When the full extent of the infestation is determined, a baiting plan can be prepared and the numbers of people and bait needed calculated. You should also plan to bait a buffer zone of at least 20 m wide around the entire infestation (except when there is a substantial natural barrier, such as a lake, on one edge). Take into account that it is much quicker to bait flat urban areas, approximately 4–5 person hours per hectare, than to bait steep hillsides with denser vegetation, e.g. 18 person hours per hectare. In urban areas, some of the land area is occupied by buildings, and these are not baited internally. Likewise, there is little to be gained from baiting large expanses of unbroken concrete or tarmac.

What bait to use

To date, the bait usually adopted for extensive baiting campaigns is Xstinguish™ Argentine ant bait, containing 0.01% fipronil. This bait was developed specifically with wide-area control in mind, and contains both protein and carbohydrate attractants. The protein component assures rapid transfer to queens and larvae, and this is essential to the success of this bait, as it is relatively fast acting in comparison with some of the other baits on the market. One significant drawback of this bait is that it has a relatively short field-life, so it is important that there is good ant activity on the baits very soon after application. However, the bait life can be extended by sheltering it from the sun beneath vegetation, under loose debris, in cracks in the ground, or even in bait stations consisting of short lengths of plastic hose pipe.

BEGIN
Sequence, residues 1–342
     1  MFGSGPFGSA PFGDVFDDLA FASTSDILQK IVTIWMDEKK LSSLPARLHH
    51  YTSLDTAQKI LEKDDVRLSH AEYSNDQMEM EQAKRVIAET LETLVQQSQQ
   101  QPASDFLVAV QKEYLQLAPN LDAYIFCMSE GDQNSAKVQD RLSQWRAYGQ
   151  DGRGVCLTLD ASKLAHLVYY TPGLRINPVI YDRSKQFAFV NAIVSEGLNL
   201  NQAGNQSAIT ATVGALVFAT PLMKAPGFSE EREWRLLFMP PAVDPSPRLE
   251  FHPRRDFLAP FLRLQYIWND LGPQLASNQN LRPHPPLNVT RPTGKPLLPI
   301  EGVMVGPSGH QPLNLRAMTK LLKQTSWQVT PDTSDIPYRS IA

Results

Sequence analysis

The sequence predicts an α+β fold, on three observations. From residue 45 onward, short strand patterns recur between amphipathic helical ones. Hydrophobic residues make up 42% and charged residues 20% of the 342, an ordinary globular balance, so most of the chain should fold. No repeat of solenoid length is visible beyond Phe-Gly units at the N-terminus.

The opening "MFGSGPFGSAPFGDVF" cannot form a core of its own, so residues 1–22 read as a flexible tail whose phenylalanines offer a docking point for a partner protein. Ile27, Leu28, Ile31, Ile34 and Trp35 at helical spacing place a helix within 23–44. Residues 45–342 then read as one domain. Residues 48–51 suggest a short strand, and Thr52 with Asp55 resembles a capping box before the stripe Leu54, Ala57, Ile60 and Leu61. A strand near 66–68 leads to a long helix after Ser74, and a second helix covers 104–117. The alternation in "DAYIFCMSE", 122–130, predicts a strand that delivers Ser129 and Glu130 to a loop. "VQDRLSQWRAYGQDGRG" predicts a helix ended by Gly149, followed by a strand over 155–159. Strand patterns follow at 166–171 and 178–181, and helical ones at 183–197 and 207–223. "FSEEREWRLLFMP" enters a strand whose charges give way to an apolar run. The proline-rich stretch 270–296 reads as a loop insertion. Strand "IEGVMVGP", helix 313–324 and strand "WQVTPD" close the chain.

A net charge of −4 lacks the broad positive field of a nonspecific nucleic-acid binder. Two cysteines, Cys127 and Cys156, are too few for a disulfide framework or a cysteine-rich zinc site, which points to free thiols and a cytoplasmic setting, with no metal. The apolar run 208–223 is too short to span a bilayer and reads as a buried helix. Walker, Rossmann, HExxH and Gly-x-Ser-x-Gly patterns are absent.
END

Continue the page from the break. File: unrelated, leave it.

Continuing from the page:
In usual circumstances, you should allow a minimum of 3 kg/ha of Xstinguish™ bait in typical flat urban/residential circumstances, but plan to double this where it is hilly (increasing surface area), amongst denser vegetation, or where there are extensive barked gardens.

When to bait